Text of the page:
Jewish Chronicles

Theatre Works, St Kilda, Thursday, 1 April 2010 (Plays thru April 10). Also in Sydney at Bondi Pavilion Theatre - April 13 - 18.

Daniel Cainer’s Jewish Chronicles is a one-man cabaret fresh from the Edinburgh Festival and London’s West End. A collection of songs and stories that examine, with great compassion and humour, what it means to be Jewish in the 21st Century, the name is a play on the Jewish Chronicle newspaper and the show itself an accidental product of Cainer’s own ‘mid-life kosher crisis.’

Joseph Heller’s Catch 22

Brisbane Arts Theatre. March 3 to April 3.

What a joy to catch up with an inspired stage production of this 1960s literary classic! It’s a devilishly difficult play to bring off, but with an ingenious set, a committed cast (all but one of whom played multiple roles) and Gregory Rowbotham’s masterful direction, this team succeeded in spades. The WW2 flight squadron of crazies portrays an uncomfortable parallel with events in more recent US wars. Seems you don’t have to be mentally unstable to go to war, but it helps.


NICA (The National Institute of Circus Arts). Prahran (Vic). Until March 31

ver-i-tas – noun Latin. Truth.

Vampire Stories

Slide, Oxford Street, Darlinghurst (NSW). Thursday evenings at 7pm from April 8.

Nosferatu meets cabaret meets Oxford Street drag show, in a deliciousy integrated night of dinner theatre. Screams of shock and squeals of laughter begin in the vestibule. But I won't spoil that! The ghoulish glam of the hostess and Rocky Horror reminiscent waiting staff establish the mood from the outset. Performers double as waiters and bar staff, or do I mean the reverse. Not an unusual occupational doubling, you may say, but terrifically integrated and atmospherically effective.

The Bitterling

Pentimento Productions and La Boite Indie (Qld). 17th Mar – Apr 4th

Author Sven Swenson’s reputation took off publicly last year with his ‘big’ play The Truth about Kookaburras. The theme of that murder-mystery was ‘What constitutes masculinity’? In this work, he explores the power of motherly love. As a secondary theme, he challenges the freedoms the WW2 diggers fought to defend, given the number of family values they held dear that were shattered in the ensuing decades. (Daughter of a victim of the Burma railway, Rose, exemplifies many of these in her tearaway character.)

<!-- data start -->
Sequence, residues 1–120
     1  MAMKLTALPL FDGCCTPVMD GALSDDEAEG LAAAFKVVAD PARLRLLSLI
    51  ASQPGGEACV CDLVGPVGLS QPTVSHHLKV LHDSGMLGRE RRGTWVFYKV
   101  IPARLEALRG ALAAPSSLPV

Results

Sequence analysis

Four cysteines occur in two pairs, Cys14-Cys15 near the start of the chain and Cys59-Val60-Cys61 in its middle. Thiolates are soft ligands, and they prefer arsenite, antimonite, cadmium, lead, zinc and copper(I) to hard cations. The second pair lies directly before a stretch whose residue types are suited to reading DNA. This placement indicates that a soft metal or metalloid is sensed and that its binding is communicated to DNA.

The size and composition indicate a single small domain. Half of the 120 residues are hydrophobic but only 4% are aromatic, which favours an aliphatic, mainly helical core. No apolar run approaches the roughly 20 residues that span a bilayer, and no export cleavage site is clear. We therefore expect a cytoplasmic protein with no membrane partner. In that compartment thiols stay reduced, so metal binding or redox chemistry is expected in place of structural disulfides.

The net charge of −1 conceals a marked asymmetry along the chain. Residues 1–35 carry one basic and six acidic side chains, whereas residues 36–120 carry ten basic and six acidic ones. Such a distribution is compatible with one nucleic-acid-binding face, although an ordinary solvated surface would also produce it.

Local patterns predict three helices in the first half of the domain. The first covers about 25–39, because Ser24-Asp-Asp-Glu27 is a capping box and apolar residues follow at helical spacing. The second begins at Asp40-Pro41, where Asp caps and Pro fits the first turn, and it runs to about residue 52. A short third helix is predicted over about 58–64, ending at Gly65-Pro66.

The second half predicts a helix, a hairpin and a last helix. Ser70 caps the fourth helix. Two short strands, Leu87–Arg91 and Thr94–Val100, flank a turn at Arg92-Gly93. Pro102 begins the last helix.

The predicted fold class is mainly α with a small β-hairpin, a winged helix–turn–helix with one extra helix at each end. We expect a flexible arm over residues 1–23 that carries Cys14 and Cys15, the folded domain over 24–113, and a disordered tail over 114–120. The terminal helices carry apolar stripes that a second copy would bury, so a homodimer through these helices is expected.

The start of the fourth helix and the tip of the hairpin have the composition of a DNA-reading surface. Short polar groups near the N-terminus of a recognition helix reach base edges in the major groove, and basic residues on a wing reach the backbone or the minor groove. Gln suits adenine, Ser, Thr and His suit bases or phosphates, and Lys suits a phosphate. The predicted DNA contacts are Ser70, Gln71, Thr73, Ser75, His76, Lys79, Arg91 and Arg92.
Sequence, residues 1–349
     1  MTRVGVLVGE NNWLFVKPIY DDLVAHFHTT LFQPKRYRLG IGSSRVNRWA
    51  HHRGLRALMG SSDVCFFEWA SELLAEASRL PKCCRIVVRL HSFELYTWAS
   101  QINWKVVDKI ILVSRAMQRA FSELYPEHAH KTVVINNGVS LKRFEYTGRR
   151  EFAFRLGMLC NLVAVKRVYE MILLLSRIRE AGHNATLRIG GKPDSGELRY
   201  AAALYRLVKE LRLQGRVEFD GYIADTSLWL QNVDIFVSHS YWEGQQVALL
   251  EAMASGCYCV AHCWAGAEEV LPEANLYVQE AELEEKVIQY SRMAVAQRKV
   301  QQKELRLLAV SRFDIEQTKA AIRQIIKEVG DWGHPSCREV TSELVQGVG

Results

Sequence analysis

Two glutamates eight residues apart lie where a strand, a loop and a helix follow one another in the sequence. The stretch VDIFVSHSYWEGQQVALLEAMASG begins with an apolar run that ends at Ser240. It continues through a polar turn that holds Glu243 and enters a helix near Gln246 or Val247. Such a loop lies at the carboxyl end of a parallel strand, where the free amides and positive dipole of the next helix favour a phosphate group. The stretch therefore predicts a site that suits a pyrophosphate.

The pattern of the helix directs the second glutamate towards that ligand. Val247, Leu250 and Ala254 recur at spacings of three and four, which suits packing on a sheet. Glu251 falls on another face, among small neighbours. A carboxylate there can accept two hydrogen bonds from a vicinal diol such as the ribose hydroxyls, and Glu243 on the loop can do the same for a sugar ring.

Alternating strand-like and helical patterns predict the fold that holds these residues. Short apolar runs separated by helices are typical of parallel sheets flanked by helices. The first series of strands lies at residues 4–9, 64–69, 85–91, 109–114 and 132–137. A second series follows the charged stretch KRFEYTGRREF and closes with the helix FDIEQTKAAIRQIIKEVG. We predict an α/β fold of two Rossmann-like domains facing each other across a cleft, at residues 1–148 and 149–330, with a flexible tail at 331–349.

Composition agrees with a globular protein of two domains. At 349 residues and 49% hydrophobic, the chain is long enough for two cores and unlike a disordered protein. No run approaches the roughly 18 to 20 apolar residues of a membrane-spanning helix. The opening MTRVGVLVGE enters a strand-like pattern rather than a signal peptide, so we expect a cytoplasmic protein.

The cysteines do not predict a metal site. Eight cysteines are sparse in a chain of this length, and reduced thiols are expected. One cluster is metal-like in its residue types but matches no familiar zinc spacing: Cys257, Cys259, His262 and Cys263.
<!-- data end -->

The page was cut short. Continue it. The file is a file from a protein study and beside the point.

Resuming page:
Love Me Tender by Tom Holloway

Belvoir St Theatre, Sydney. Director: Matthew Lutton. Until April 11.

Bold, engaging and at times verbally graphic, this work by writer Tom Holloway and director Matthew Lutton discusses the human elements of love, parent-child relationships, fears and sacrifice. Inspired by Euripides’ Iphigenia in Aulis this play follows a mother/wife, father/fireman, policeman and two human narrative agents. The main characters explore their inner thoughts about domesticity, relationships, gender roles and animalistic intentions.

The Suicide

By Nikolai Erdman, re-imagined and Directed by Simon Stone. The Hayloft Project. Belvoir St Downstairs Theatre - March / April 2010.

Cloaked in a synthetic haze and with a floor covered in road-base, the mood is already heavily burdened with metaphor when the ensemble suddenly bursts onto the stage for a robust vocal rendition of a chamber orchestra. And so begins this delightfully off-beat production. With no prior knowledge of the source material and a fully Australianised re-working of the dialogue, the former references to Soviet oppression were lost on this reviewer, but the themes of commercial opportunism were still resonantly universal.

Habeas Corpus by Alan Bennett

Malanda Theatre Company (Qld). Director: Jim Hill.

Alan Bennett's play, Habeas Corpus, is not the normal run-of-the-mill comedy. Plagued by vertically-challenged trousers, disappearing breasts, and pompous doctors, the Malanda Theatre Company's first production for 2010 is a farce with intellectual undercurrents. Acted on the simplest of sets - three chairs and a vacuum cleaner - the play is a fast-moving feast consisting of poetry, song and good comedy acting. Howard Smith, complete with the obligatory deep, reassuring doctor's voice, excels as the frustrated Dr. Wicksteed.


Opera by Brett Dean, libretto by Amanda Holden, based on the novel by Peter Carey. Opera Australia. Director: Neil Armfield. Conductor: Elgar Howarth. Set Designer: Brian Thomson. Digital Lighting Displays: Chris Twyman

A brand-new home-grown opera in a $2 million production at the Sydney Opera House is something to celebrate. Brilliantly set and directed, and with a stand-out central performance, Bliss is certain to make its mark on international stages in the coming years. Bravo, Opera Australia.

The Boys by Gordon Graham

Director: Dannielle Ashton. Old Mill Theatre, South Perth, WA. February 5-20

The Boys is definitely not a ‘pleasant’ night out. Vaguely based on the Anita Cobby case (though by a West Australian author), it tells of a family tied to an unthinkable crime and the effect it has on the women in particular. Dannielle Ashton is known for producing hard-hitting theatre, and she pulls no punches. This was raw and confronting. Her casting was outstanding, especially with the women, and the men – particularly Murray Jackson provided strong support.

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